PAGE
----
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Heather provides leadership to align Bread’s communications objectives and advocacy / organizing strategies to compel faith communities, U.S. policymakers, and partners to end hunger and poverty.
Previously, Heather led faith inspired institutions to ensure the rights and dignity of historically marginalized populations, including women, children and people of color. She managed advocacy and fundraising campaigns for women survivors of violence as the Tahirih Justice Center Greater DC Director, secured land rights of widows and children in Sub-Saharan Africa as a legal fellow at International Justice Mission, a Christian nonprofit seeking to end violence against the poor by transforming justice systems, and twice served on U.S. delegations headed by the UN Commission on the Status of Women to promote women’s political participation in post-communist societies.
Heather holds a J.D. from the University of Iowa, a B.S. from the Georgetown University School of Foreign Service and is a Master of Divinity candidate at Wesley Theological Seminary.
Indigenous communities have some of the highest hunger rates in the United States. As a group, one in four Native Americans and Alaskan Natives are food insecure, defined as not having regular, reliable access to the foods needed for good health.
While hunger declined from 2017 for the general U.S. population, African Americans experienced a one percent increase, an increase of 153,000 African American households. This fact sheet explores the issue in depth.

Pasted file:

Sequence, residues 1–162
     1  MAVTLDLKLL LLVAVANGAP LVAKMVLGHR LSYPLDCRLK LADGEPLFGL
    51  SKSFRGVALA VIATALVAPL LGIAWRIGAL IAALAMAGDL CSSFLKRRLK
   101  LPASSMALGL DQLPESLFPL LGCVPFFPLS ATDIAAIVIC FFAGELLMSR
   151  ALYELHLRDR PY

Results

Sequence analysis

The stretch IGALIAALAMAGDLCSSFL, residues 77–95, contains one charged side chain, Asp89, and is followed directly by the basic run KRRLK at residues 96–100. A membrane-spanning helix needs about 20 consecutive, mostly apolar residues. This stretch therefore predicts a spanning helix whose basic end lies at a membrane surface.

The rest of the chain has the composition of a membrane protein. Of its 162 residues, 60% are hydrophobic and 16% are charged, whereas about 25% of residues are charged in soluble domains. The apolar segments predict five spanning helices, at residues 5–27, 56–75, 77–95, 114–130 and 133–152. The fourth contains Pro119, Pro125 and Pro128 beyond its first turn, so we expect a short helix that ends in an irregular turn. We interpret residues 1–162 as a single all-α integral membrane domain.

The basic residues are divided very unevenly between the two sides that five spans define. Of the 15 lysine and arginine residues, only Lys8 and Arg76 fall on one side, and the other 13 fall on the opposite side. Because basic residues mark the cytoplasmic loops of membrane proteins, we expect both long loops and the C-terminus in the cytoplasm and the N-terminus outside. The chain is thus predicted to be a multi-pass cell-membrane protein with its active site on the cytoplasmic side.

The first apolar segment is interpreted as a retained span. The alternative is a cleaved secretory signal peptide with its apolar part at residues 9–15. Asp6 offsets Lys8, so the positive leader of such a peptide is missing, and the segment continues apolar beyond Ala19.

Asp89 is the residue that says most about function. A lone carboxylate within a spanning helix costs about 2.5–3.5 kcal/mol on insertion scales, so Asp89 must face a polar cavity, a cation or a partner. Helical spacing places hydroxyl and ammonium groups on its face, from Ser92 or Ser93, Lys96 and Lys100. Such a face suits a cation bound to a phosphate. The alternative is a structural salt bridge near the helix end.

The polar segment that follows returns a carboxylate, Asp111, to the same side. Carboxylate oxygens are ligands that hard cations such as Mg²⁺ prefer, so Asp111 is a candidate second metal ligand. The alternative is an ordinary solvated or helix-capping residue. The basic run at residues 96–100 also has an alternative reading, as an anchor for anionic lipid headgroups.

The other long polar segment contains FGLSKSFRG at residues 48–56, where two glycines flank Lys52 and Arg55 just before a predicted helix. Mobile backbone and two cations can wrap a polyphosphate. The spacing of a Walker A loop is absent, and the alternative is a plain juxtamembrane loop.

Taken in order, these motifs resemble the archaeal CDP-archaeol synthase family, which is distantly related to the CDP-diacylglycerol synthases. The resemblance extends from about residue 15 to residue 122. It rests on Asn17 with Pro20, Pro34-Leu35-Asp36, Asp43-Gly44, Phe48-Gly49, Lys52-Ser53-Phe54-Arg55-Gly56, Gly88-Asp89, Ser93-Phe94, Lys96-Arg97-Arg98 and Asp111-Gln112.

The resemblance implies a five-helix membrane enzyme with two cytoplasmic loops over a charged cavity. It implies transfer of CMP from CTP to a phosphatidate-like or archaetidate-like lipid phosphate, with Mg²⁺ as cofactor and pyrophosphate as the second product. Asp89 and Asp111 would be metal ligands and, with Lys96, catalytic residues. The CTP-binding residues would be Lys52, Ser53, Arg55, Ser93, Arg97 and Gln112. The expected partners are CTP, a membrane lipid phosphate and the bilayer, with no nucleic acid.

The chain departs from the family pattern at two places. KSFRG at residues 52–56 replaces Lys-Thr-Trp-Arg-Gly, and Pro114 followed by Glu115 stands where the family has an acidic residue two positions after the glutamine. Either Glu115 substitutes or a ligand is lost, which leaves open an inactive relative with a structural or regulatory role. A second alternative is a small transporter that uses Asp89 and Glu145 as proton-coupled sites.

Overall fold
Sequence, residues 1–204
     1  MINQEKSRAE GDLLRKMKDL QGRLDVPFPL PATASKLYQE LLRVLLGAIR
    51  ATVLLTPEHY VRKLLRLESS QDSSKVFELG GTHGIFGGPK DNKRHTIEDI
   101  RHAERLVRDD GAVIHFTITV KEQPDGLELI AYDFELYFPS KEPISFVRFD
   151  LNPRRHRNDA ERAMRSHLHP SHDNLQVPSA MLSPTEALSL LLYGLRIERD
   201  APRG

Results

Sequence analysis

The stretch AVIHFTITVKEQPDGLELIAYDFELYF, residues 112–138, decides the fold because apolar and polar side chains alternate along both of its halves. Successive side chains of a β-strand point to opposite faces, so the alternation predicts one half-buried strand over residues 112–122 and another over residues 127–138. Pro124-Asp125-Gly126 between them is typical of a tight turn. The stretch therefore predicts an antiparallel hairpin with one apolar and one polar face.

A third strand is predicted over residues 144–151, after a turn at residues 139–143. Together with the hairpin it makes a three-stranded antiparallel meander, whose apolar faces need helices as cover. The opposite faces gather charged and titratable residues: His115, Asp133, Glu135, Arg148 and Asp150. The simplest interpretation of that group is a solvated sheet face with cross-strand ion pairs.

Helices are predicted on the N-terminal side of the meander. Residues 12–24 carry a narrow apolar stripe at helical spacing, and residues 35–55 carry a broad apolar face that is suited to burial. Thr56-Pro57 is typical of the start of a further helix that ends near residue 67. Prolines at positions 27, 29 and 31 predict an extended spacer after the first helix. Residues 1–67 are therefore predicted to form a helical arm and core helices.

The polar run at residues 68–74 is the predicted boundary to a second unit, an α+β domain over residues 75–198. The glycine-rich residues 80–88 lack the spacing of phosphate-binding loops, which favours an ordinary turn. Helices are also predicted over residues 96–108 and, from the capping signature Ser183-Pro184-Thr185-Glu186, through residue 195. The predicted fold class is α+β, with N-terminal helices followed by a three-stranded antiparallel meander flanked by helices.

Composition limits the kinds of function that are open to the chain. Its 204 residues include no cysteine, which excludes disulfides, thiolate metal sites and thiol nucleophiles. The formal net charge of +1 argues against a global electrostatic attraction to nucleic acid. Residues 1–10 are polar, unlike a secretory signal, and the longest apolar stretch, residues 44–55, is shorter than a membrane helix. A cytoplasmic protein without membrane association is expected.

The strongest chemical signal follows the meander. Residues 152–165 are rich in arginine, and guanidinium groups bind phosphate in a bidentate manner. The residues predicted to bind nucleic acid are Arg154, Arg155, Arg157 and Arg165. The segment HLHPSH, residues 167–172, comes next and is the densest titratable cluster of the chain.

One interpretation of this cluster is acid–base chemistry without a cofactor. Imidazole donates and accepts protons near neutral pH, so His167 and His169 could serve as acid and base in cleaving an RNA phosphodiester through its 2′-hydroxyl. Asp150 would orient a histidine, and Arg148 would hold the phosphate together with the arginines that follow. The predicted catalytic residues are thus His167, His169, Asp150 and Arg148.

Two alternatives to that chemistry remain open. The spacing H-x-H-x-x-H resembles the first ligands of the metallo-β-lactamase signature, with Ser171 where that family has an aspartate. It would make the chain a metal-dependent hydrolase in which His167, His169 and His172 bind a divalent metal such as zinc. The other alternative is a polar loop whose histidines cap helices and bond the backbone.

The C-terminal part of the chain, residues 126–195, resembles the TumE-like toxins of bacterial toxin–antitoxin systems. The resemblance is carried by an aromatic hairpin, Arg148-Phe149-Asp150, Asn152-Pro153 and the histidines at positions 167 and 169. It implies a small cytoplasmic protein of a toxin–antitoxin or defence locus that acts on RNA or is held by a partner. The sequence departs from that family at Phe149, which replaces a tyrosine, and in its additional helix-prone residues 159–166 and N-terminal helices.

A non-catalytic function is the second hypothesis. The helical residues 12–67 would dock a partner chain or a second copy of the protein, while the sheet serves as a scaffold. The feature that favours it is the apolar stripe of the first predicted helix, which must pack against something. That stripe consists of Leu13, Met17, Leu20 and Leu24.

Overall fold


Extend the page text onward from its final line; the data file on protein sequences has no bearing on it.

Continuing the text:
Better nutrition is a necessary component of a country’s capacity to achieve development goals such as economic growth and improved public health.
Dear Members of Congress,
As the president and Congress are preparing their plans for this year, almost 100 church leaders—from all the families of U.S. Christianity—are...
This devotional guide invites deepened relationship with and among Pan-African people and elected leaders in the mission to end hunger and poverty.
Thank you for inviting me to preach here at Duke University Chapel. And I especially want to thank the Bread for the World members who have come this morning.
Bruce Puckett urged...
A set of how-to sheets for carrying out advocacy and fact sheets on the current issues Bread for the World is working on.
For new and current Bread grassroots hunger activists.
Ideal as a starter toolkit for new Bread activists or as a set of updates for current activists.
In 2017, 11.8 percent of households in the U.S.—40 million people—were food-insecure, meaning that they were unsure at some point during the year about how they would provide for their next meal.
These fact sheets provide a snapshot of hunger and poverty in the United States and in each state plus Washington, D.C.